GNC and GNL are both expressed most strongly in the cauline and rosette leaves of wild-type plants and to a lesser extent in the flowers, siliques, and stems (Fig. 3A). To further characterize these expression patterns in the flower, we carried out in situ hybridizations. These data indicated that in young stage 3 flowers, GNC expression is detected throughout the floral bud (Fig. 3B). By stage 6, GNC expression is largely restricted to the inner whorls of the flower, specifically the petals, stamens, and carpels (Fig. 3C). In older flowers, from stage 8 onward, GNC expression is detectable in the petals, stamen filaments, and carpels with weaker expression in the anthers of the stamens (Fig. 3, D and E). Thus, AP3/PI may repress strong GNC expression in the anthers at later stages. The expression pattern of GNL overlaps with that of GNC, suggesting that the two genes may share redundant functions. GNL expression is first detected in at stage 3 throughout the entire floral bud (Fig. 3F). By stage 6, strongest expression is restricted to the inner three whorls (Fig. 3G). As the flower matures, GNL expression in the stamens decreases compared to the expression in the petals and carpels, suggesting that AP3/PI may repress GNL in the stamens (Fig. 3, H and I).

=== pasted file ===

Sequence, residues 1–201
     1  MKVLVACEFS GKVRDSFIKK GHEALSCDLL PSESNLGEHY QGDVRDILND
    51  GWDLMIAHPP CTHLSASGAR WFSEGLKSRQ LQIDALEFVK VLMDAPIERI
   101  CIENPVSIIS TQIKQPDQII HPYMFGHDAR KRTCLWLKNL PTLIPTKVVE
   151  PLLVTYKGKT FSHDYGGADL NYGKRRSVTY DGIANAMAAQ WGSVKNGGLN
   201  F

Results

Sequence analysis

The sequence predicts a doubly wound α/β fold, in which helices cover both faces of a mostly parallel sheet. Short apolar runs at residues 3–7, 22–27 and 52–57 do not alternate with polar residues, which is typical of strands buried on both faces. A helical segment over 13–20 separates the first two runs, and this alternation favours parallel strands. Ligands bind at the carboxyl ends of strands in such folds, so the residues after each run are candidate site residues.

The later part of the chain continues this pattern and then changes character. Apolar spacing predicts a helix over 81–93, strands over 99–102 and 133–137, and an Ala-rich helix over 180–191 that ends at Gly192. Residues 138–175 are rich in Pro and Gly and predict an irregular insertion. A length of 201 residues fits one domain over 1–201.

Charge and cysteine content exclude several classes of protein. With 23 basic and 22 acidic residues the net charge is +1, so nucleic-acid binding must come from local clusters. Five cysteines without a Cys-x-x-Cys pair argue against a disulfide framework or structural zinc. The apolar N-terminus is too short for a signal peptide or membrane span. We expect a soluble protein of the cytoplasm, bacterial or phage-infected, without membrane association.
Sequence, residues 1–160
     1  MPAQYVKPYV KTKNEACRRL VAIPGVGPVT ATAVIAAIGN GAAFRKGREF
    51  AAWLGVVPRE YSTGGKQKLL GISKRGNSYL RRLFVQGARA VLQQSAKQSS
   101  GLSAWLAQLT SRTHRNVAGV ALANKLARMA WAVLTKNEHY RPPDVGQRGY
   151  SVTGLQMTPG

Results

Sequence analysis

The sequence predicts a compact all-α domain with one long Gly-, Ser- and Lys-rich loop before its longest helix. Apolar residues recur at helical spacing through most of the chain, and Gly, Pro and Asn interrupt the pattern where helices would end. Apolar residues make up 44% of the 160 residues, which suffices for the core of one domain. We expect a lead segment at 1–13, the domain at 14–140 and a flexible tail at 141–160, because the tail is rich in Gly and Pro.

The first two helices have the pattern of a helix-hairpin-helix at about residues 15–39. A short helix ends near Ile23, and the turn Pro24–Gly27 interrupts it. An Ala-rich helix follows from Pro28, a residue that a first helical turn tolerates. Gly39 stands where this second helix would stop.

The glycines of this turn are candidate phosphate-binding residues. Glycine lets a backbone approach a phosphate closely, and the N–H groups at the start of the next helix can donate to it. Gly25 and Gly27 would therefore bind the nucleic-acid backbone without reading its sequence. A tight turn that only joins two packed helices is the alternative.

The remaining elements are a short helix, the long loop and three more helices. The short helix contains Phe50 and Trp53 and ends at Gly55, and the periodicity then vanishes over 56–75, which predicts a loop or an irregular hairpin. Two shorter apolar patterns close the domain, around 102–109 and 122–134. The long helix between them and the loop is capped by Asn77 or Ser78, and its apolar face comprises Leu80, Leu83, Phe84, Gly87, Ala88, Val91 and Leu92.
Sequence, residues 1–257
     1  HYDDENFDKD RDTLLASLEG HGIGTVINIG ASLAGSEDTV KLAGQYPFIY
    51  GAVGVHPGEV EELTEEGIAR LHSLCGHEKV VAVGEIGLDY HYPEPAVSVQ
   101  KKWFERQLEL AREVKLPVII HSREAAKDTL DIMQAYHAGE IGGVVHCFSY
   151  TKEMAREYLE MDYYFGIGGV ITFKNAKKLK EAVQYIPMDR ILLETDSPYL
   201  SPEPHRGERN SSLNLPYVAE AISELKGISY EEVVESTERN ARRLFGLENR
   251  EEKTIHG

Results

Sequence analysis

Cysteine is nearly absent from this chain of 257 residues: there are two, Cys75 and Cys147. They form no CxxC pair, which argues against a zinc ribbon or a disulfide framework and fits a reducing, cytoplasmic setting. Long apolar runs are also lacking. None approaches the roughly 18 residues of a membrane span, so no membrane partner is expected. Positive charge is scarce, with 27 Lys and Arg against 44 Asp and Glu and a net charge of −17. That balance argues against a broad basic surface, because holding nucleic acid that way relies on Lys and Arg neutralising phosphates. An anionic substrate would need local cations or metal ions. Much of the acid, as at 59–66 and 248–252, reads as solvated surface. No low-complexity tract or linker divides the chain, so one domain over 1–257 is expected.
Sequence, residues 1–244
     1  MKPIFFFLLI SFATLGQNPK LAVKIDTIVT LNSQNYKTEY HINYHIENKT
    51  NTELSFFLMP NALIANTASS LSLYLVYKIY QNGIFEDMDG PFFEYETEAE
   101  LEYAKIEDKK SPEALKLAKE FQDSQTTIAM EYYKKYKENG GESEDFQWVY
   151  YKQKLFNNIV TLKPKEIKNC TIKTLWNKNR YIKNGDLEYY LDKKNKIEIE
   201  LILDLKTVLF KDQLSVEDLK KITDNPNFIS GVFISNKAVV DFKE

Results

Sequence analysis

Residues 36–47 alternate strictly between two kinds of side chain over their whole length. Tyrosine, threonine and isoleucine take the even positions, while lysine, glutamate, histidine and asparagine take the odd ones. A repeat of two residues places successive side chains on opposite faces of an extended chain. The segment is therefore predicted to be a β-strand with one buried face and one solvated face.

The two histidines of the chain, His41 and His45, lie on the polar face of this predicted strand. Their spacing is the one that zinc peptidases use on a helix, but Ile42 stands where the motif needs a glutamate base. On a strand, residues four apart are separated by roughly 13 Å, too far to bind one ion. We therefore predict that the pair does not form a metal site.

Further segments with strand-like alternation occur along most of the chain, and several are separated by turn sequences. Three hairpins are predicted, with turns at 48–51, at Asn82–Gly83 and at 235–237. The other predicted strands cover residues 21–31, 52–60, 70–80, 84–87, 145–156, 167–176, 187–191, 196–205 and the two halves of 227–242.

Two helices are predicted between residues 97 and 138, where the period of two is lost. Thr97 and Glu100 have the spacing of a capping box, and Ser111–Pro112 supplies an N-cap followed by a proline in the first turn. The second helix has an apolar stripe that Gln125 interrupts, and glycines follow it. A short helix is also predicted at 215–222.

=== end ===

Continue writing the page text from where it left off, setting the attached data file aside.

Figure 3.
Expression patterns of GNC and GNL. Expression of GNC and GNL in flowers (F), siliques (Si), stems (St), cauline leaves (CL), rosette leaves (RL), and roots (R) by RT-PCR. Expression of GNC in stage 4 (B), stage 4 to 6 (C), stage 8 (D), and stage 10 (E) ...

To explicitly test whether AP3/PI repress GNC and GNL expression in a spatially limited manner, we examined the expression domains of these genes in ap3-3 and pi-1 mutant flowers. The ap3-3 and pi-1 mutants display similar homeotic phenotypes, in which petals are transformed into sepalloid organs and stamens are transformed into carpeloid organs. Consistent with a role in modulating the overall levels of expression of GNC and GNL, expression of each gene was detectable in the inner three whorls, including third-whorl tissues, of ap3-3 and pi-1 flowers (Fig. 3, J–M).